Hawkers make confident return to city’s footpaths
A week after the anti- hawking drive started in the city, hawkers have returned to their spots, and are keenly trying to make up for their losses. Vaishnavi Vasudevan reports.mumbai Updated: Jan 22, 2013 01:27 IST
Despite the government’s promises to keep illegal hawkers off city roads, the encroachers are re-appearing. A week after the anti- hawking drive started in the city, hawkers have returned to their spots, and are keenly trying to make up for their losses.
The area outside the western end of Dadar west station is choc-a-bloc once again, even though the largest numbers of illegal vendors were evicted from there by the civic body’s encroachment removal department.
One of the hawkers said, “Such drives keep happening to prove a point to the public. After a day or two, everything gets back to normal, it’s no big deal.”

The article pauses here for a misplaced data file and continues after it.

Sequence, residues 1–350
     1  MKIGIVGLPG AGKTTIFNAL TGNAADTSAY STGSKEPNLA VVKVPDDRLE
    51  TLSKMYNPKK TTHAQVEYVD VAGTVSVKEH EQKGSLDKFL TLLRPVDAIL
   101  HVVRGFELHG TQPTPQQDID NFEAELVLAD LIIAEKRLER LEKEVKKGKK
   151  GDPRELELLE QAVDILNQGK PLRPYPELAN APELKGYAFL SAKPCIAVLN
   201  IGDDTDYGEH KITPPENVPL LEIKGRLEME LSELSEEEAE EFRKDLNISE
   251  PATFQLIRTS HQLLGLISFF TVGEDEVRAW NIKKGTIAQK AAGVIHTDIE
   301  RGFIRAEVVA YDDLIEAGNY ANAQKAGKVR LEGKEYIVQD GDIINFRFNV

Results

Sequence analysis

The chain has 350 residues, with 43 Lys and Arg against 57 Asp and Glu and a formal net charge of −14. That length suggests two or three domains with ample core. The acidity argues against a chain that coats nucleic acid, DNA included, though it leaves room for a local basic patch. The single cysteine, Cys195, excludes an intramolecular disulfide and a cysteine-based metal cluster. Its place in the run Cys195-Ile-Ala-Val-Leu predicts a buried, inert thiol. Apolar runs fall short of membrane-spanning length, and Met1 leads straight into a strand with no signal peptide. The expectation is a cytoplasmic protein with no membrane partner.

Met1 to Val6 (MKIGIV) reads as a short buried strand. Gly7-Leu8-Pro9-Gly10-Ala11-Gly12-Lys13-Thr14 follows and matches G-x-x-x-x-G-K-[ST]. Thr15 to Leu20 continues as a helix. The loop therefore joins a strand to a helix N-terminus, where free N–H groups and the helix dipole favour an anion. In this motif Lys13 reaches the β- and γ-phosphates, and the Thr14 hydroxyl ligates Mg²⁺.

Around a hundred hawkers took over the Dadar area, including the open foot over bridge, on Monday, Residents and commuters complained that it was tedious to walk once again.
“As the drive has been happening all over the city, I thought the authorities are finally serious about tackling the issue. We lived in peace for 2-3 days, but now everything is terrible again,” said Sneha Patil, a Dadar resident.
Until last week, the municipal corporation’s patrolling vans had been stationed there to make sure the roads stayed clear. However, the hawkers were quick to take advantage of their absence on Monday.
At Andheri, Santacruz, Vile Parle and Chembur too, hawkers are starting to resurface, but with one eye on road, ready to pack up if a police van arrives.
“We demand the implementation of the hawking policy, until which there can be no expectation of hawker-free roads. Municipal markets are lying vacant and are in terrible condition. The least that the government can do is renovate and send them there,” said Rajkumar Sharma, an activist from Action for Good Governance and Networking in India (AGNI).